“Reform of Local government should have started with a full and open inquiry into Local government finances”. Said the Honorary Peter Primrose MLC, the Shadow Minister for Local Government,
“The real problem that we see is that you actually have the government saying – 'Oh, a lot of these Councils – it's a problem with their finances.' Well I can tell you one reason there is a problem with the finances is because NSW Local Government found last year that there had been $680 million worth of state government responsibility cost shifted onto local councils.
A parliamentary inquiry I was on in 2015-16 found you don't solve any of these problems by making councils bigger. There is no evidence at all that making councils bigger makes them better.
What you have to do is have a full, open, and transparent inquiry into council's finances in NSW. So we've signed up to that. That's one of the first things the next Labor government will do.”
As Shadow Minister for Local Government Peter Primrose has been fighting at the centre of the controversy over council amalgamations, Fit For The Future, and that KPMG report!
“This has got to be one of the most secretive governments I've ever seen” comments Peter who was first elected to NSW Parliament in 1988 as Member for Camden. “You just cant get information out of them. Whether it's to do with KPMG report that they used to forcibly merge councils, water, or anything else,” he says.
What we're saying to all those councils that have been forcibly merged is that a Labor Government will allow them to have a voluntary demerger if they wish to.”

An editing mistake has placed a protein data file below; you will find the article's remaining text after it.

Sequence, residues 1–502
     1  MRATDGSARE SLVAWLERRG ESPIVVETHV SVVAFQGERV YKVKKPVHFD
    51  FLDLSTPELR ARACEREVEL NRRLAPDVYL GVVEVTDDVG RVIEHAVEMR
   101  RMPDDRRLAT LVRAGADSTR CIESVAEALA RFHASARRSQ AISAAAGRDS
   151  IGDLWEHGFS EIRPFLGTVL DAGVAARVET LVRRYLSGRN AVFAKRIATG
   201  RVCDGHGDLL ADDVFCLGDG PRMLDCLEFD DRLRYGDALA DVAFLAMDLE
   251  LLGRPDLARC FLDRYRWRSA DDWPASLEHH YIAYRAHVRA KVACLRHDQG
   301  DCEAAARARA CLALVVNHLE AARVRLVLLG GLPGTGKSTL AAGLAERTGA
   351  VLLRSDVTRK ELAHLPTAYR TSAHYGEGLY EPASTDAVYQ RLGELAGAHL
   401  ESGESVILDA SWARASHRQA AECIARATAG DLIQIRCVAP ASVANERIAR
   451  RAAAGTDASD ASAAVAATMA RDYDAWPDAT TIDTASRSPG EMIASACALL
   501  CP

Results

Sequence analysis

In relation to the proposed sale of the Snowy Hydo to the Commonwealth Government. “We've put restrictions on the sale for our support. We've said it must stay in public ownership, and we want worker's entitlements protected, but we've also said that we want 100 per cent of the profits, and that net profit will be between $5 and $6 billion, so not an insubstantial amount of money. We want 100 per cent to go to rural and regional NSW.
John Barillaro who heads up the National Party, and is Deputy Premier has said, 'No'. They will put 30 per cent into rural and regional NSW which means 70 per cent goes back into Sydney. We are going to have a real fight with them about that!
That's a huge difference. That's the sort of money you could use to fix up roads, to fix up water, and all the other infrastructure in rural and regional NSW”.
“One of the most fundamental things is that local government has to be local. Everybody agrees councils need to be accountable, and they need to be trying their best to meet the needs of the local community, but in the end, I really think one of the most fundamental issues of the moment, and we're certainly promoting it, is that decisions should be made by local people.
Local people elect the councils, they should be responsible to their local communities for their actions. If a council makes a really bad mistake then they should get thrown out by their local communities. The people you have to explain to are the people in your local communities.
That's why Federal Labor, why Bill Shorten, has already committed himself to ensure that councillors and Local Government are put into the Constitution.
The other thing is in terms of keeping self interest and corruption out of Local Government, we're adamant that property developers should be stopped from running for local government. They can run, but if they get elected, the only way they can take their seat on council is if they cease to be property developers, or a close associate of property developers as defined in the Electoral Funding Act. We will bring that in again in government.
Accountability is the most important thing and accountability to your local community. If people do great things; their local community should re-elect them and applaud them. If they do bad things, then the local community should vote them out and put people in they have more trust in.”